Life in London: it is hectic and brutal yet truly vibrant. On the one hand the diverse population and innovative businesses lead to forward thinking and trend setting. Yet in many ways London clings onto the old and familiar. Views on gender are a paradigm case. I think the most interesting place to hear these views is from the ordinary person on the street: one of my favourite methods is eavesdropping on the bus or tube. As self-awareness of the topic is usually pretty low, in other words people don't realise they are expressing a view about gender, I get to hear what they really think.
Just the other afternoon on a train through Greenwich I overheard one young woman telling her female friend about her new job. She spoke about her new colleagues and expressed disappointment that they were predominantly male. Specifically she said she didn't 'have anything to talk to them about' namely because they are men. These little asides about gender differences usually get me listening, especially when expressed by women (who are often more guilty then men for perpetuating gender myths).
So this woman is claiming that due to her colleagues' gender she finds them uninteresting and difficult to talk to in the work place. In fact it's more than that when she claims she has nothing at all to say to them as by the gender they are so different to her. Perhaps her male colleagues have isolated her. A throwaway comment is actually a big statement (hyperbole aside). I know some will think I'm reading too much into this. Others will say why does this matter? Yet consider for a moment if a man had said this about his female colleagues. Many of us have fought to ensure that no one felt isolated in the workplace. Similarly many women have argued that the differences between the genders are minimal. This has greatly enabled female progress in the workplace as it proves women are just as capable as men.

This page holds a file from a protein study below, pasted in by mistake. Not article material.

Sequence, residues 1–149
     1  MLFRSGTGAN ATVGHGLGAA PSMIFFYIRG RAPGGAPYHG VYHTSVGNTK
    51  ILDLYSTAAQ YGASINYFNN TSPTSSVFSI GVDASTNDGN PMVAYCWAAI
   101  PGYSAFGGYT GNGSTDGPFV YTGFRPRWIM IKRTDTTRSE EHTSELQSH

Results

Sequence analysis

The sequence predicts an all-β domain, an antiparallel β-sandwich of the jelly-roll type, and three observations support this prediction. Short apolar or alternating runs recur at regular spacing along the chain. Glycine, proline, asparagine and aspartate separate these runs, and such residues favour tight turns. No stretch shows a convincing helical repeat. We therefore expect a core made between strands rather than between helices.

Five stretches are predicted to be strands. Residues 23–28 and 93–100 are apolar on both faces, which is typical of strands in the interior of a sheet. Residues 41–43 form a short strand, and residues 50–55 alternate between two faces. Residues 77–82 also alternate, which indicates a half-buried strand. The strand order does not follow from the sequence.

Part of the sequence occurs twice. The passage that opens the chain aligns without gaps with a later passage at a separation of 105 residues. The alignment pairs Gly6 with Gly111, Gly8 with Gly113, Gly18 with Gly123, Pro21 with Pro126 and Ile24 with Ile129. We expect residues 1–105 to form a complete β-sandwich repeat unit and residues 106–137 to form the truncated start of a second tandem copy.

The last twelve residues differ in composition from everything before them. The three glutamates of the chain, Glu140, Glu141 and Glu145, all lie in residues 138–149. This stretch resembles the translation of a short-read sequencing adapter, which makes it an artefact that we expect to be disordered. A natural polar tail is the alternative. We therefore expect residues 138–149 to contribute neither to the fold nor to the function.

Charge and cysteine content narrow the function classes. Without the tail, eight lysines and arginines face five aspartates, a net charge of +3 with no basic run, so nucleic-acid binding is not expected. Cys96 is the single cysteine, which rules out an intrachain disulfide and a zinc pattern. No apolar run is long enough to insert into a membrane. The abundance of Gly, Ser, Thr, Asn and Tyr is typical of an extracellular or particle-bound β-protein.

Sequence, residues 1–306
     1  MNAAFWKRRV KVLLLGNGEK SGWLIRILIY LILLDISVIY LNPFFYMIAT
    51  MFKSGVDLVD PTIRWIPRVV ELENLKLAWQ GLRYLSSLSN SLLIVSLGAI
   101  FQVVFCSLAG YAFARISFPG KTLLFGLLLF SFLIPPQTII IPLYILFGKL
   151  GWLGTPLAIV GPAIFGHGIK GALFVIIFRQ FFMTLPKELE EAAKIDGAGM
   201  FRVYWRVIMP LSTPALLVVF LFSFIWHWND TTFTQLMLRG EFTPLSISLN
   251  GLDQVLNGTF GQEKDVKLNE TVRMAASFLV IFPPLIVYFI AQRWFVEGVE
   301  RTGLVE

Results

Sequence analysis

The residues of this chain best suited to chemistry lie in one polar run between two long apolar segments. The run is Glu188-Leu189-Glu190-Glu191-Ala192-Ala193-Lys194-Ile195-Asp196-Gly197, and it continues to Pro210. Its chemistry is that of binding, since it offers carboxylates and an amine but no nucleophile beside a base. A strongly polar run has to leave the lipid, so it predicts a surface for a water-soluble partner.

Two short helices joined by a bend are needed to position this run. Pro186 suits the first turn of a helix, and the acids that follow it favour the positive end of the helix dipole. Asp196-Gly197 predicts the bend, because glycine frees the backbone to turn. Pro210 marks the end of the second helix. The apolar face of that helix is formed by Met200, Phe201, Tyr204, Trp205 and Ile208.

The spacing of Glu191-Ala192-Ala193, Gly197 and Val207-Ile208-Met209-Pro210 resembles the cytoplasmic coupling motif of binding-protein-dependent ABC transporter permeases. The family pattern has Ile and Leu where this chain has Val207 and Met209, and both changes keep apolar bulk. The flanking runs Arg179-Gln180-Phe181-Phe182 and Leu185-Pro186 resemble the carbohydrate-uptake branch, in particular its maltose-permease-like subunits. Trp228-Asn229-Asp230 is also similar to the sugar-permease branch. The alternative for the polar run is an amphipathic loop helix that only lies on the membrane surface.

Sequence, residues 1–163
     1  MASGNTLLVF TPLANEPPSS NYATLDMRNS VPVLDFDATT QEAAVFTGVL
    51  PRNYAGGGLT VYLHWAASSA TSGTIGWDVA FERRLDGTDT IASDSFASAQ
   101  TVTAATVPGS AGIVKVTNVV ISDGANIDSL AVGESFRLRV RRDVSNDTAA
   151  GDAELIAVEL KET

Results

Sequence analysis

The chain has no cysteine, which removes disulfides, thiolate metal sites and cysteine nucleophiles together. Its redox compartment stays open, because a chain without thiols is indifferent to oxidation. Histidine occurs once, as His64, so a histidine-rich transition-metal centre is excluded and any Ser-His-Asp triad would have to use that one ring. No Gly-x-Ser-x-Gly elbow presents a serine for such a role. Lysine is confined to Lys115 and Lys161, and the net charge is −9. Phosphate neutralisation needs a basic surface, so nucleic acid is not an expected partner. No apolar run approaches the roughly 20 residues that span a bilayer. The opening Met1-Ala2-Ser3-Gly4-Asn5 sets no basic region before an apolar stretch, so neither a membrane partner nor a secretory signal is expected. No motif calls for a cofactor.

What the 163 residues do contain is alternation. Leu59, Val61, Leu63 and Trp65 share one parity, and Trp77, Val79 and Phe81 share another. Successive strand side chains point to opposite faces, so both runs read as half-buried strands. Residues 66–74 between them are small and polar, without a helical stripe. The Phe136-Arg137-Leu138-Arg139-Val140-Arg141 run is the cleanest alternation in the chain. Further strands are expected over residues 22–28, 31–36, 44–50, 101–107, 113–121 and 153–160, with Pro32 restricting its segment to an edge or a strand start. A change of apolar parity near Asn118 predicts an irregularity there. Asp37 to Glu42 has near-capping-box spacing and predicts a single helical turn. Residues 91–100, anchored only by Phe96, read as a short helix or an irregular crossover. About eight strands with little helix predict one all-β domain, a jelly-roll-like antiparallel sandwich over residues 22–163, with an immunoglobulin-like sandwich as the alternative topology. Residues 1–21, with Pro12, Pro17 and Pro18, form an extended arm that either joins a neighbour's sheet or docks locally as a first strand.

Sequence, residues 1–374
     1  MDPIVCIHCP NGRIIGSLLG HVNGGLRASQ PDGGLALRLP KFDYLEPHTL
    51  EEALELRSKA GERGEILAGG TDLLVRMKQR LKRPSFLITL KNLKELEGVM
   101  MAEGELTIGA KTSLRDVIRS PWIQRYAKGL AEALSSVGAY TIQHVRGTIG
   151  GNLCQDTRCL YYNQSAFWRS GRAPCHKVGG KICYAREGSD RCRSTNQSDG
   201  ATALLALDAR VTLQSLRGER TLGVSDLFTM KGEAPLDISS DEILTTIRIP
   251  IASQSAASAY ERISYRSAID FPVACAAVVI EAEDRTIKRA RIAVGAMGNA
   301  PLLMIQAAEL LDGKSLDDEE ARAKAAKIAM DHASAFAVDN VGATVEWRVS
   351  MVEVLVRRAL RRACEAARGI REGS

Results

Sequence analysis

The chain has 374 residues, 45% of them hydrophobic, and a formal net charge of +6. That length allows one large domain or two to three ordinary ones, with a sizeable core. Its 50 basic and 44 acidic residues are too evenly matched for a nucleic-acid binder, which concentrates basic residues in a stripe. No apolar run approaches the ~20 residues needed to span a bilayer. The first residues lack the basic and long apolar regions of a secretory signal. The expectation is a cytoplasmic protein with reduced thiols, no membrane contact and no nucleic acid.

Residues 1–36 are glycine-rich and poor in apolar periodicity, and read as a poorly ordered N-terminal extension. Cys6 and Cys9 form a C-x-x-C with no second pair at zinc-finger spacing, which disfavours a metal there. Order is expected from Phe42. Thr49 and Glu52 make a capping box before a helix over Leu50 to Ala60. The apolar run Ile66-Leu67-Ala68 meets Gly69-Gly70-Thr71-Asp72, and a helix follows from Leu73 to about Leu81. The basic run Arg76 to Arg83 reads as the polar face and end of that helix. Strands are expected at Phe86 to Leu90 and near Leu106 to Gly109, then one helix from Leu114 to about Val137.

Yet clearly this remark shows that there are those who still think there are large differences between men and women. This is not of course limited to everyday conversation. I read recently that there are now more women than men becoming doctors. This is something of a great achievement and women should be congratulated. However the media focus of this event was to question whether this would lead to a great change, to focus on the differences that could occur in the profession. Of course male and female doctors have been trained to the same high standards, why should we focus on differences? Let me guess, they want to argue women are more caring (in contrast to the supposedly uncaring male doctors?) This leads to minimal differences being amplified and stereotypes being perpetuated, which in turn widens the gender divide. The thoughts expressed by the young woman represent opinions that are still widespread. I think it is about time we moved on and stopped focusing on the differences between men and women.